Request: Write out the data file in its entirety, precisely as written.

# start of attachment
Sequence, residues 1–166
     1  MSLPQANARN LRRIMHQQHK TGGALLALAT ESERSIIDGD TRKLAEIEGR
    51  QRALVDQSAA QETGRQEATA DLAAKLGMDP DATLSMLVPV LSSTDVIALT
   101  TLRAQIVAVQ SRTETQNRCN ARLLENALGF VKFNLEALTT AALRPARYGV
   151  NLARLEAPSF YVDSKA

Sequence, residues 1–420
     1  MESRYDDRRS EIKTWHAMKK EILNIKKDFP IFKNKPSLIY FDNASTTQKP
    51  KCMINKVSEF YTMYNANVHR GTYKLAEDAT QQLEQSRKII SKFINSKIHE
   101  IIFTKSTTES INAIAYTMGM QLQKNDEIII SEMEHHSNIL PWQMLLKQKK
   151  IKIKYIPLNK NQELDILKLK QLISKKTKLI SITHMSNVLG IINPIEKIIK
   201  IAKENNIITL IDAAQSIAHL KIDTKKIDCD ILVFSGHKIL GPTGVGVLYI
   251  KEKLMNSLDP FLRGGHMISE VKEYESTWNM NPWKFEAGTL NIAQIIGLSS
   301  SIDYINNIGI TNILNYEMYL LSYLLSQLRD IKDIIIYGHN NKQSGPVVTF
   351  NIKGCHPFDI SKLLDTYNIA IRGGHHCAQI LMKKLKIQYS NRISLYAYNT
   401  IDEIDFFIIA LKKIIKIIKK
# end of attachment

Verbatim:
Sequence, residues 1–166
     1  MSLPQANARN LRRIMHQQHK TGGALLALAT ESERSIIDGD TRKLAEIEGR
    51  QRALVDQSAA QETGRQEATA DLAAKLGMDP DATLSMLVPV LSSTDVIALT
   101  TLRAQIVAVQ SRTETQNRCN ARLLENALGF VKFNLEALTT AALRPARYGV
   151  NLARLEAPSF YVDSKA

Sequence, residues 1–420
     1  MESRYDDRRS EIKTWHAMKK EILNIKKDFP IFKNKPSLIY FDNASTTQKP
    51  KCMINKVSEF YTMYNANVHR GTYKLAEDAT QQLEQSRKII SKFINSKIHE
   101  IIFTKSTTES INAIAYTMGM QLQKNDEIII SEMEHHSNIL PWQMLLKQKK
   151  IKIKYIPLNK NQELDILKLK QLISKKTKLI SITHMSNVLG IINPIEKIIK
   201  IAKENNIITL IDAAQSIAHL KIDTKKIDCD ILVFSGHKIL GPTGVGVLYI
   251  KEKLMNSLDP FLRGGHMISE VKEYESTWNM NPWKFEAGTL NIAQIIGLSS
   301  SIDYINNIGI TNILNYEMYL LSYLLSQLRD IKDIIIYGHN NKQSGPVVTF
   351  NIKGCHPFDI SKLLDTYNIA IRGGHHCAQI LMKKLKIQYS NRISLYAYNT
   401  IDEIDFFIIA LKKIIKIIKK